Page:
Vaginal microbicides may prevent more infections in men than women

Jul 07, 2008

Vaginal microbicides currently in clinical trials may be the only weapon that will protect women against infection from HIV. Yet, under likely circumstances, these microbicides may be of more benefit to men than women, according to a new UCLA AIDS Institute study.

The study, which used novel mathematical models to simulate clinical trials and population-level transmission of HIV, appears July 7 in the online issue of Proceedings of the National Academy of Sciences.

"At the moment, there is absolutely nothing that women can do to protect themselves from HIV —condoms are not in women's control," said senior study author Sally Blower, professor of psychiatry and biobehavioral sciences at the Semel Institute for Neuroscience and Human Behavior at UCLA and a member of the UCLA AIDS Institute. "Drug companies are developing vaginal microbicides to provide direct protection to women and basically empower them so women have some preventive measure that's under their control."

Microbicides are compounds that can be applied inside the vagina to protect against HIV and other sexually transmitted diseases. Pharmaceutical companies are currently conducting trials of second-generation microbicides that are based on antiretroviral, or ARV, drugs, Blower noted.

The UCLA study raises concerns that microbicides could lead to drug resistance if they are used by HIV-positive women and that this risk may be masked under current clinical trial designs — necessitating significant caution if the microbicides are licensed for use by the general public.

The researchers developed the mathematical models to determine if ARV-based microbicides that could cause moderate to high levels of drug resistance might pass clinical trials. They
used epidemiological, clinical and behavioral data to construct models for both clinical trials and heterosexual transmission of HIV.

The models were based on the Phase 3 clinical trial for second-generation microbicides now under way in South Africa, Tanzania, Rwanda and Belgium. This trial is a 12-month, placebo-controlled study involving 10,000 participants.

The researchers developed simulations for two scenarios: one for high-risk microbicides, in which there is a high probability that the vagina will absorb dapivirine, the ARV drug in the microbicide; the other for low-risk microbicides, with a low probability of absorption. The team created the two scenarios because it is not currently known if ARV-based microbicides will be low- or high-risk.

The researchers found that men would likely benefit more than women if the microbicides' efficacy for women was less than 50 percent and if adherence was less than 60 percent. This would occur if HIV-positive women used microbicides and developed drug-resistant strains of HIV that are then less likely to be transmitted to men.

In the high-risk scenario, for instance, the microbicide could prevent infection in up to 21 percent of women and up to 27 percent of men. In the low-risk scenario, the microbicide would be of less benefit, preventing infection in up to 17 percent of women and 18 percent of men.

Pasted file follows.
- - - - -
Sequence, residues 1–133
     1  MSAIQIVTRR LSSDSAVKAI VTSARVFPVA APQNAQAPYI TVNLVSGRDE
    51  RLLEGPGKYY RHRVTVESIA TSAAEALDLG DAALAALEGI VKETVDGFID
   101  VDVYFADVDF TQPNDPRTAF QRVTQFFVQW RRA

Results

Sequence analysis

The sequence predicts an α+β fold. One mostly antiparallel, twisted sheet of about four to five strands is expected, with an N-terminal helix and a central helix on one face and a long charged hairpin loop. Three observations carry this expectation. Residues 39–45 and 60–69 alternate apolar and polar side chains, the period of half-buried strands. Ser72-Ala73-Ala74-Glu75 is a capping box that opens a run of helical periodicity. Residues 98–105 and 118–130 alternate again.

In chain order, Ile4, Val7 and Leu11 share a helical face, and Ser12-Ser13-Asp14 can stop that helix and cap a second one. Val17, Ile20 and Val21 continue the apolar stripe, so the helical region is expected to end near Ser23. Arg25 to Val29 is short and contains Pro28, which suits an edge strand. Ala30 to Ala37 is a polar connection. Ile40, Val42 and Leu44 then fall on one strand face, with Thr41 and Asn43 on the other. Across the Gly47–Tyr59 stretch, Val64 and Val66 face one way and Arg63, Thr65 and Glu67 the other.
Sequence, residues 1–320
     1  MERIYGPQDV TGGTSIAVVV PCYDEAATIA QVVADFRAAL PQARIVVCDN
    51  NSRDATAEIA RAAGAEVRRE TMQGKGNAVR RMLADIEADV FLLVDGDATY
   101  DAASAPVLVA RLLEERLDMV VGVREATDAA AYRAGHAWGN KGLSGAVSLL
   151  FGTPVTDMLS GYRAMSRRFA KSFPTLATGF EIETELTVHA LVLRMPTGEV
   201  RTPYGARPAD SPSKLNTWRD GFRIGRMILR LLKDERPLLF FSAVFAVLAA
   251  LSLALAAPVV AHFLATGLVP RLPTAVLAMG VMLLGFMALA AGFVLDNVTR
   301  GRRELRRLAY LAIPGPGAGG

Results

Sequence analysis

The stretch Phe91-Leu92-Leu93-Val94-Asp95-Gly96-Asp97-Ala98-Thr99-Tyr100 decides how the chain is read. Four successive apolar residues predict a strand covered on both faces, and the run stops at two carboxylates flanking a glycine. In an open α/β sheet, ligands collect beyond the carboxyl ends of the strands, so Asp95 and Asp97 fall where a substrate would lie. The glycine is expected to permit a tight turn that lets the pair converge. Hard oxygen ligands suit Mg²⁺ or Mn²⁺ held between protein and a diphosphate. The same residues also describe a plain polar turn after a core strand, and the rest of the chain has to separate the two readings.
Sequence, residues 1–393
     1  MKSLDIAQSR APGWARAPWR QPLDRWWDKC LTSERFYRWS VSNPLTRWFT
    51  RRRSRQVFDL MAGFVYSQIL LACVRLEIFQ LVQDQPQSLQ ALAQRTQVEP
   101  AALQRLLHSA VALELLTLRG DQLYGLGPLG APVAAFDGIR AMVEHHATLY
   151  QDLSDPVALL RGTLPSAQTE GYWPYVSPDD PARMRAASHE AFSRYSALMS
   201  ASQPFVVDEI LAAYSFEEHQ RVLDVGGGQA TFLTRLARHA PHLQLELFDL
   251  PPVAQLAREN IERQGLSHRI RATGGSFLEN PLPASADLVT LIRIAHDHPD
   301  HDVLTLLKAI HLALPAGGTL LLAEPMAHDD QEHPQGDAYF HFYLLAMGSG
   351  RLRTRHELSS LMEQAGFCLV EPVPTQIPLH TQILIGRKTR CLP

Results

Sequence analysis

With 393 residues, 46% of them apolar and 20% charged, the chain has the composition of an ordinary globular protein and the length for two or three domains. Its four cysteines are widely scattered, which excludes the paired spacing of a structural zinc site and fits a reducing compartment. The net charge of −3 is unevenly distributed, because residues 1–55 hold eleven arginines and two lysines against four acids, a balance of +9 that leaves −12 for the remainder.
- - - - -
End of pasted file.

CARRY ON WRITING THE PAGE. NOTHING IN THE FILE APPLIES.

"The antiretroviral drugs within these microbicides are the same as those used to treat people who are infected with HIV, so there is great expectation that these microbicides will be very effective," said first author Dr. David Wilson, of the National Centre in HIV Epidemiology and Clinical Research at Australia's University of New South Wales.

"But the concern is that these microbicides are going to lead to drug resistance," he said.

The concern about drug resistance arises from the fact that women in the current clinical trial are being tested once a month for HIV infection and those found to be infected are dropped from the trial, according to researchers.

"Since monthly testing will take place in the dapivirine trial, we predict that few, if any, cases of acquired resistance will arise during the trial, even if the drug is readily absorbed (i.e., the microbicide is high risk)," the researchers write. "Therefore our analyses have shown that high-risk microbicides could pass Phase III trials, as their potential to cause resistance will be masked by frequent testing."

Source: University of California - Los Angeles

Explore further: Point-of-care CD4 testing is economically feasible for HIV care in resource-limited areas

add to favorites email to friend print save as pdf

Related Stories

Researchers reformulate tenofovir vaginal gel for rectal use

Feb 28, 2011

A change in the formulation of tenofovir gel, an anti-HIV gel developed for vaginal use, may make it safer to use in the rectum, suggests research presented today at the 18th Conference on Retroviruses and Opportunistic Infections ...

Recommended for you

The genetics of coping with HIV

Sep 16, 2014

We respond to infections in two fundamental ways. One, which has been the subject of intensive research over the years, is "resistance," where the body attacks the invading pathogen and reduces its numbers. Another, which ...

Long acting HIV drugs to be developed

Sep 11, 2014

HIV drugs which only need to be taken once a month are to be developed at the University of Liverpool in a bid to overcome the problem of 'pill fatigue'.

User comments : 2

Adjust slider to filter visible comments by rank

Display comments: newest first

superhuman
not rated yet Jul 07, 2008
>condoms are not in women's control...

Huh? As long as their refusal to have sex will be honored condoms are in their control.
nilbud
not rated yet Jul 07, 2008
There's the difference between women and men. If some douchebag tried to shove aids into me I'd shoot them in the face (with a gun) and claim self defence.